Last updated: June 2022
[Targeting, 4.2, 4.5]
Somali Bantu people reside mainly in towns and villages along the Jubba and Shebelle rivers. Locally, in the regions where they live, the Bantu are often majorities in terms of numbers, but they are marginalised in terms of power and education.
Somali Bantu are among the most segregated and discriminated minorities in Somalia. During the civil war, Bantu were among the main victims of violence in southern Somalia, falling victims to looting, rape, enslavement and killing on a very high scale. Physically, the Somali Bantu exhibit features that differentiate them from other Somalis. This is the reason for several derogatory terms used against them by other Somalis.
As in the case with other ethnic minorities, Bantu are considered inferior, which results in systematic exclusion, stigma, social segregation, denial of rights, and low social, economic and political status. They have no access to influential positions and are generally disproportionately vulnerable to conflict-driven displacement. They also cannot expect redress when their rights are violated. Majority clan members refuse to intermarry with Somali Bantu and thus, the members of this group remain isolated. Jobs which they are allowed to do by majority group members are crop farming, construction work, mechanics and other difficult manual labour.
In Lower Jubba, in and around Kismayo, Somali Bantu are facing repression by the majority clan militias working as Jubbaland security forces. In the Al-Shabaab controlled areas not far from Kismayo they face extortion by the extremist militia. Bantu women also enter in marriages with Al-Shabaab fighters that are described as sexual and domestic slavery. The Al-Shabaab fighters further ignore their children with the Bantu girls and women, whom they despise as racially distinct minority with low social status. Cases of abductions, torture and killings by uniformed Somali police or armed groups that the Somali government was unwilling or unable to control, have been also reported, in 2018.
Bantu groups started to organise and arm themselves and, in some locations, have gained strength and are able to fend for themselves.
The Bajuni live mainly in small communities along the coast south of Kismayo, Nchoni, Kamboni and on Bajuni islands. Their principal language is Ki-Bajuni and in general, Bajuni do not have a good knowledge of the Somali language.
Even though there are instances of marriages between Somali men and Bajuni women on the islands, it has been claimed that the local Bajuni population is being exploited by Somali businessmen.
As is the case with other minority groups, Bajuni are considered inferior, which results in systematic exclusion, stigma, social segregation, denial of rights, and low social, economic and political status. They have no access to influential positions and have little chance to get access to justice in case of conflict over land or property and they are generally disproportionately vulnerable to conflict-driven displacement.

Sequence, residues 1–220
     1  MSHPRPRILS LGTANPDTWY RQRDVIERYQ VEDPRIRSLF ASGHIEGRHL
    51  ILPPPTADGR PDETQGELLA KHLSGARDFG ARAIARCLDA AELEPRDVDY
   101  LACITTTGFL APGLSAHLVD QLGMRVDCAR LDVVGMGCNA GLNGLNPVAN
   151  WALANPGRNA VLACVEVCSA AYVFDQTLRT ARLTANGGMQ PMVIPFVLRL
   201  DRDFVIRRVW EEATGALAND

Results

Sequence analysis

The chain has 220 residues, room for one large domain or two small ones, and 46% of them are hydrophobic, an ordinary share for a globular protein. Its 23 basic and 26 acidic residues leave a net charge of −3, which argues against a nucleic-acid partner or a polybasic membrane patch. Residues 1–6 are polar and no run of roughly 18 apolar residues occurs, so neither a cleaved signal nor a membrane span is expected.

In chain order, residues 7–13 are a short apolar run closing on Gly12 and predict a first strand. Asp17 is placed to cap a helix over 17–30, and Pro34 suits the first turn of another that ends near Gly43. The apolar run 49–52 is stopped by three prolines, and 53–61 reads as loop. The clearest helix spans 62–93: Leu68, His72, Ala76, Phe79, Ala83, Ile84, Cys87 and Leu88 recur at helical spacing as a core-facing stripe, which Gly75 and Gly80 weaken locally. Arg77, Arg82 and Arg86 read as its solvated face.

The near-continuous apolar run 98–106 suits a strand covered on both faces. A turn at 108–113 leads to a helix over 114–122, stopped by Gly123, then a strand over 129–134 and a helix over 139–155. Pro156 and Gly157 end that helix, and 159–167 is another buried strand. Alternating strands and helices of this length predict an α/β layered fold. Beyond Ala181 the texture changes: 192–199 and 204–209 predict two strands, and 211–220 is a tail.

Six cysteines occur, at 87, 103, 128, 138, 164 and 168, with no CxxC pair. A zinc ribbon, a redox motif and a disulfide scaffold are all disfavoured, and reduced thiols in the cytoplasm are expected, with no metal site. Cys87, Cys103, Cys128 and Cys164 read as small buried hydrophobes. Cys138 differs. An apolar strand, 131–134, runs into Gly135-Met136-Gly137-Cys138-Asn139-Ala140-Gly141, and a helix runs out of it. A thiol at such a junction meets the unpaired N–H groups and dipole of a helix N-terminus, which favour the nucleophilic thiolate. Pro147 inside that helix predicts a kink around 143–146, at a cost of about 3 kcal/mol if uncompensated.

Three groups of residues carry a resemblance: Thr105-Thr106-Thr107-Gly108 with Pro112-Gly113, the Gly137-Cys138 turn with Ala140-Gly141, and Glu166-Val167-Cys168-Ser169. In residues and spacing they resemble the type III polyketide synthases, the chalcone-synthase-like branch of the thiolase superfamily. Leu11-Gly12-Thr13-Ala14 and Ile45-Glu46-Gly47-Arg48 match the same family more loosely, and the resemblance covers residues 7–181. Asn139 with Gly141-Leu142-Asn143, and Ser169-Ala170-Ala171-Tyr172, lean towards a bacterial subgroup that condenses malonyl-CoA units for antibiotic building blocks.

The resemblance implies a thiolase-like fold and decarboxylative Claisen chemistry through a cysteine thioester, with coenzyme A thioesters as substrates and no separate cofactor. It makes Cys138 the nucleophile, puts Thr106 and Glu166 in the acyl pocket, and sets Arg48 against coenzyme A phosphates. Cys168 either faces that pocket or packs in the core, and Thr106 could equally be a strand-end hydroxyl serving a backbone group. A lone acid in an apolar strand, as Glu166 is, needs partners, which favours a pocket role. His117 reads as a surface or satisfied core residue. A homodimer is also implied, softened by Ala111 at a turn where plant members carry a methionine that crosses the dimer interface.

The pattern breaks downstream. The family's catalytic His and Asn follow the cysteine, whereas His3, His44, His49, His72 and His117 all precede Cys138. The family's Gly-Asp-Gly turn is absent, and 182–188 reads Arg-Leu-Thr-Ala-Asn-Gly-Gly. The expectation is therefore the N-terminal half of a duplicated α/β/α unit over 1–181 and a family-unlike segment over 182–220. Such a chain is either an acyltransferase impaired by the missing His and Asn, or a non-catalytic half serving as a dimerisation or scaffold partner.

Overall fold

Benadiri, including Reer Hamar
Benadiri is an umbrella term for several mostly urban minorities residing along the Benadir coast of southern Somalia extending actually also into Kenya. The Benadiri are generally not seen as a homogenous ethnic minority group. Most Benadiri live in Mogadishu, Merka and Barawa. After fleeing abroad in the early 1990s, the remaining Banadiri population is estimated to be very small, with those in Mogadishu estimated to be around 10 000.
The situation of Benadiri remained difficult also after the Somali civil war. In 2012, it was reported that they were forced to pay bribes and were subjected to extortion by majority clan members. During more recent years, direct security threats against the Benadiri have not been reported. However, in June 2021, the Benadiri community in Mogadishu held a press conference to complain about manipulation of their political rights, as the current Minister of Petroleum tried to encroach on their reserved seats in parliament.
The acts to which individuals under this profile could be exposed are of such severe nature that they would amount to persecution (e.g. killings, abductions, sexual violence). When the acts in question are (solely) of discriminatory nature, the individual assessment of whether discrimination could amount to persecution should take into account the severity and/or repetitiveness of the acts or whether they occur as an accumulation of various measures.
Not all individuals under this profile would face the level of risk required to establish well-founded fear of persecution. The individual assessment of whether there is a reasonable degree of likelihood for the applicant to face persecution should take into account risk-impacting circumstances, such as: the specific minority group that the applicant belongs to, gender, area of origin and the local clan dynamics, etc.
Nexus to a reason for persecution
Available information indicates that persecution of this profile is highly likely to be for reasons of race.
The connection may also be between the absence of protection against persecution and one or more of the reasons under Article 10 QD (Article 9(3) QD).